“I can’t do what I do without libraries.”
This year’s Carnegie Circle dinner featured a book about history, but emphasized the future as much as the past.
The annual dinner, presented by Bank of America and supported by Foundation For The Carolinas, is an opportunity for the Library Foundation to recognize and thank donors who invest $1,000 or more annually in the Charlotte Mecklenburg Library. It was held on March 5 at Foundation For The Carolinas, where a crowd of nearly 150 Library supporters mingled, dined, and heard remarks from New York Times bestselling author Denise Kiernan.
Denise spoke with humor and deep appreciation for the libraries in which she researched The Last Castle, her book about Asheville’s Biltmore House and the Vanderbilt family. “I literally can’t do what I do without libraries. They are a nonstop resource for communities.”
Her book is narrative non-fiction, with an emphasis on the narrative. Denise sees history as a story through which to examine the surrounding context, never a continuum of facts and dates. The Last Castle tells the story of one house and one family, and she uses the details of that story as a means to explore the American experience of the time.
She told of George and Edith Vanderbilt’s family and of resilience, as their story – and their house – straddled the gilded age and the progressive era. And she spoke of their philanthropy, their investments in Asheville and the community they embraced.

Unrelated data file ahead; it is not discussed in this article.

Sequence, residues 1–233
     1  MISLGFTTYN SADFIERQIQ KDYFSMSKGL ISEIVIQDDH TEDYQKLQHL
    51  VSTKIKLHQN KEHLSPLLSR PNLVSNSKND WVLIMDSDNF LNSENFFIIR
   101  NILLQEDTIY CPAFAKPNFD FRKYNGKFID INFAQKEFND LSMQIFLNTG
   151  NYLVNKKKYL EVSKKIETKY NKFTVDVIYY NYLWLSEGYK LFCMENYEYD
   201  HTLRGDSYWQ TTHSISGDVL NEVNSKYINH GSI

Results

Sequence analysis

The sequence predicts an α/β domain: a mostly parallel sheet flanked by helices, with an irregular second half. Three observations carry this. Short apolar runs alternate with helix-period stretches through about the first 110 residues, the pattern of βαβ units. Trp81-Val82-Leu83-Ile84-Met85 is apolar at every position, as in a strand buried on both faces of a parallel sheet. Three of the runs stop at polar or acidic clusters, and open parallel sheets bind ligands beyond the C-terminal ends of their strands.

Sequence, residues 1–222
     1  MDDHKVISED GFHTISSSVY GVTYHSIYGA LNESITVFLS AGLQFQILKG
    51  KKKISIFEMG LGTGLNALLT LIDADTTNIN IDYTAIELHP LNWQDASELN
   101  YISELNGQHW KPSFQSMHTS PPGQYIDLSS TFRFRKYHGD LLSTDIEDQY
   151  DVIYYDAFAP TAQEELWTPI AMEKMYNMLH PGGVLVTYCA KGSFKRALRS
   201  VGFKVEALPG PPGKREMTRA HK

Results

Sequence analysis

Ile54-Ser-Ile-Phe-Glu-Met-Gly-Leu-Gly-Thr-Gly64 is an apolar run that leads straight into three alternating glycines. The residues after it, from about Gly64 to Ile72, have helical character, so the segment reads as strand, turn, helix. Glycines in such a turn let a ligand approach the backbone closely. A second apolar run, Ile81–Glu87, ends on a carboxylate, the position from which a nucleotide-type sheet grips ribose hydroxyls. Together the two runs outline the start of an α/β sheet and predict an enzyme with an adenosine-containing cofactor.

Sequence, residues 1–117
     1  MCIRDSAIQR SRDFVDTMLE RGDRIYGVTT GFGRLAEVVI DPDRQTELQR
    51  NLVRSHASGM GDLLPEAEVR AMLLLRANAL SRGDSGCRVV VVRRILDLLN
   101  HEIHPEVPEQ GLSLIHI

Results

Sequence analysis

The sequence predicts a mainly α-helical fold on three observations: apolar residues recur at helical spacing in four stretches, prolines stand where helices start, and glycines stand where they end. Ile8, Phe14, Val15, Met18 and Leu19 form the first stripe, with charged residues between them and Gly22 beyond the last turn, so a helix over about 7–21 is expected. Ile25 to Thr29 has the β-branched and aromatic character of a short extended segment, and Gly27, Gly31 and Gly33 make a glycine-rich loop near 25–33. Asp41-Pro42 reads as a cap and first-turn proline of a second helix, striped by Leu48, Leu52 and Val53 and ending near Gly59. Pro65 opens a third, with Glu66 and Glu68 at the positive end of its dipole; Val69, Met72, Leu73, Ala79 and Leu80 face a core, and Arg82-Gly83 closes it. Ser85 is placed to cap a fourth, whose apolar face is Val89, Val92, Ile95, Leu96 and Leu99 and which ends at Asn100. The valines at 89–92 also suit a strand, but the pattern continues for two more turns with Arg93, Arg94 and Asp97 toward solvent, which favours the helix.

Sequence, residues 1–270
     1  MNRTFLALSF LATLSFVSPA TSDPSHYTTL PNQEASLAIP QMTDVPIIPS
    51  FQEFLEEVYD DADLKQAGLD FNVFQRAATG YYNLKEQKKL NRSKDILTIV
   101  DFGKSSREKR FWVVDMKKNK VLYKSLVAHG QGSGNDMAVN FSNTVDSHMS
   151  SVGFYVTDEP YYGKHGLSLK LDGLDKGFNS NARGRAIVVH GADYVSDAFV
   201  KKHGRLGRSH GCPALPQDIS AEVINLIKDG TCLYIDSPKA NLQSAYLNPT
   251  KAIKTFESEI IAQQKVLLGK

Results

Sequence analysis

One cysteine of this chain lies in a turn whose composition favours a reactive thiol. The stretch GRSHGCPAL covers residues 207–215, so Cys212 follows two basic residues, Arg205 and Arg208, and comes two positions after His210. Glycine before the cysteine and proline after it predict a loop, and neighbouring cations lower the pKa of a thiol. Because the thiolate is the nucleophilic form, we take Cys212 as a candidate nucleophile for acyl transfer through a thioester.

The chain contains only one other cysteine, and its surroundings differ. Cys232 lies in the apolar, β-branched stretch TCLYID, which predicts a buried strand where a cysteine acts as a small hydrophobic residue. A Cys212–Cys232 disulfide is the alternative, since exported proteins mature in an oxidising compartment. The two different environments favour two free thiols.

Beneath it all, her message was about the Vanderbilt legacy, and all of our legacies. The nation’s largest house was one of the last great works for architect Richard Morris Hunt and landscape designer Frederick Law Olmstead, and has become an international destination. Just as important as the structure is what the Vanderbilts didn’t build. They preserved the surrounding land that became Pisgah National Forest for public recreation, and established the nation’s first school of forestry to better understand conservation for the generations to come.
Denise Kiernan left us with a larger question about legacy. What are we doing while we’re here? Are we leaving this place better than we found it?
Our Libraries do.
About the Carnegie Circle
The Carnegie Circle recognizes and celebrates a special group of Library supporters whose annual gifts of $1,000 or more create a community where reading, learning and imagination thrive. Since 2013, Carnegie Circle membership has grown 105% which reflects our community’s generosity and commitment to the belief that free and open access to information can change lives.
The Carnegie Circle also honors and extends the rich legacy of philanthropist Andrew Carnegie, who donated funds to help build more than 2,500 libraries around the world, including a $25,000 grant in 1901 to help build a new library in Charlotte, North Carolina. We can’t think of a better way to recognize those individuals, businesses, and foundations who demonstrate similar philanthropic leadership to support the future of our Library in the 21st century.